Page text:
Three Reasons Leadership Should Be Included In A School’s Syllabus
Leadership is something we are all familiar with and actively strive to build. There is a rising debate about the right time to acquire leadership skills – in our youth, the moment we are born, as teenagers, as adults. When exactly is the right time?
Some will argue that leaders are born, others say leaders are made. The truth is both are right but like everything else, practice makes perfect. From the book – Alphabet of Leadership – by Odunayo Sanya, I have come to learn that leadership is a skill and if we are going to do it right, it is better to catch them and train them young so it becomes more of a lifestyle than an obligation.
On this note, here are five reasons leadership should be included as a compulsory subject in every school syllabus – at every level of education – from primary to tertiary and even professional institutions.
1. Nature vs Nurture: Children will always open their eyes to see the world, but parents could control the kind of things their kids are exposed to. In that sense, even if a child is born with leadership skills, there is a need to continually imbibe the right values, so he/she becomes conscious of that skill and applies it appropriately.
Quality leadership is a combination of the right qualities and the right training. What better way to train these kids constantly, if not within a school? After all, these schools brag about nurturing the leaders of tomorrow; they might as well make it a core subject!
2. Practice makes perfect: Every time you do a background check on the leading names in music, sports, dance, politics, you realize that they did not start overnight. Beyoncé has been singing since she was a little girl; the Duchess of Sussex, Meghan Markle, has been writing letters and notes to the powers that be since she was little, etc. The determined young Zuriel Oduwole will most likely be named as one of the most influential people in the next 10 years.
It is not a happenstance! When we say we want good leaders, we should do well to make it available to children and provide leadership platforms for them to explore.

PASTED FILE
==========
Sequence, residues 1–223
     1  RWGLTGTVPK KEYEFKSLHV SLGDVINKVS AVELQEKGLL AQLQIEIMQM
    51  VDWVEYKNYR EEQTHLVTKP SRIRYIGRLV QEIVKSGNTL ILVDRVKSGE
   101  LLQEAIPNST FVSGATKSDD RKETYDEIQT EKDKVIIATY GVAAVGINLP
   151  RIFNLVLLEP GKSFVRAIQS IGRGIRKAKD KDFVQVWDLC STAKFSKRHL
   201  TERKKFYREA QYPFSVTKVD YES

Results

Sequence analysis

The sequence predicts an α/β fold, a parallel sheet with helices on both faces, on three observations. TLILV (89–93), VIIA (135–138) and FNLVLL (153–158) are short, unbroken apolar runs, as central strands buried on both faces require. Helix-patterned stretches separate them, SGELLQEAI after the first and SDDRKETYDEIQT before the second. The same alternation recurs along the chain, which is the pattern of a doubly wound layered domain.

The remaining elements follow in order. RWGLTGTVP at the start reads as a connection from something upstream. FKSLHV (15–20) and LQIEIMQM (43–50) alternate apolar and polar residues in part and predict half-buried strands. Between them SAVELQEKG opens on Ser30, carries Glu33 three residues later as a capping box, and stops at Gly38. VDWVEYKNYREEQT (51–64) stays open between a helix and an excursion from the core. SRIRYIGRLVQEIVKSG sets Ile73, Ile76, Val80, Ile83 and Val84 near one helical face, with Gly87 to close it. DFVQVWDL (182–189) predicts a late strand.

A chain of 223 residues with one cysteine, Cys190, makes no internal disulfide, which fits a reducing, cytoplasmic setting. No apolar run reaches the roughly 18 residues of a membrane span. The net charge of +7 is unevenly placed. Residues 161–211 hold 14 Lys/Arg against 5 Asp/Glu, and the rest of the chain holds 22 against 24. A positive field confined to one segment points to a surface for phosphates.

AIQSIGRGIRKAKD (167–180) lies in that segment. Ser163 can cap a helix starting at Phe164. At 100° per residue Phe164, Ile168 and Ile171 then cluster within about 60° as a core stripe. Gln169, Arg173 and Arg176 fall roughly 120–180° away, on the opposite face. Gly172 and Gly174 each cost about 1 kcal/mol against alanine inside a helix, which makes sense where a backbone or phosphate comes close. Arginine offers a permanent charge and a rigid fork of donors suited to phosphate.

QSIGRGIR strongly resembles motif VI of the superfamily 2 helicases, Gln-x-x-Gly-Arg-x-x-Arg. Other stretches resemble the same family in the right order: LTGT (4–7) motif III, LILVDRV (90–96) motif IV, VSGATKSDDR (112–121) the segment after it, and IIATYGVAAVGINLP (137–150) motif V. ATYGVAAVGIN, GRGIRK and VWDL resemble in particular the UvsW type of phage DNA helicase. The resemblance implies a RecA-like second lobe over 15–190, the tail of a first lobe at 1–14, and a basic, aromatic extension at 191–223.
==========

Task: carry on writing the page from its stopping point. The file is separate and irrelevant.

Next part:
3. Recognition and Prestige: An important part of acquiring leadership skills is actually putting it to practice. It means taking up critical positions and standing up for the right things in society. This process will inevitably boost and grow the child’s confidence. Take, for instance, the most popular debate kids in school, they usually become prefects in the end. And when they take it seriously, they begin to take up responsibilities that task them to do more and be more.
4. Alphabet of Leadership: This is the main reason! In the book, Alphabet of Leadership by Odunayo Sanya, she bares everything about leadership. Most importantly, she tells us why it is crucial for children to acquire these skills early; she has broken everything kids need to know about leadership into ABCs.
It is highly recommended for students, for educators who wish to include this in their curriculum and parents who look at their babies and envision a great future. The book is a rallying point for nation-building starting from the individual, family, and communities.
The author has expanded the possibilities for the youth leader in her ‘My Alphabets of Life’ Essay Competition where six prizes can be won. These range from N50,000 to N10,000. See the image below:
You see, the importance of leadership skills cannot be overemphasized; it goes beyond what most of us think and believe. The choices we make today will compound to create our tomorrow and children are certainly not excluded. If leadership skills become an active lifestyle imbibed from childhood, then our growth as a country stands a stronger chance of survival.
Even Jesus started at age 12, what is your child waiting for?!
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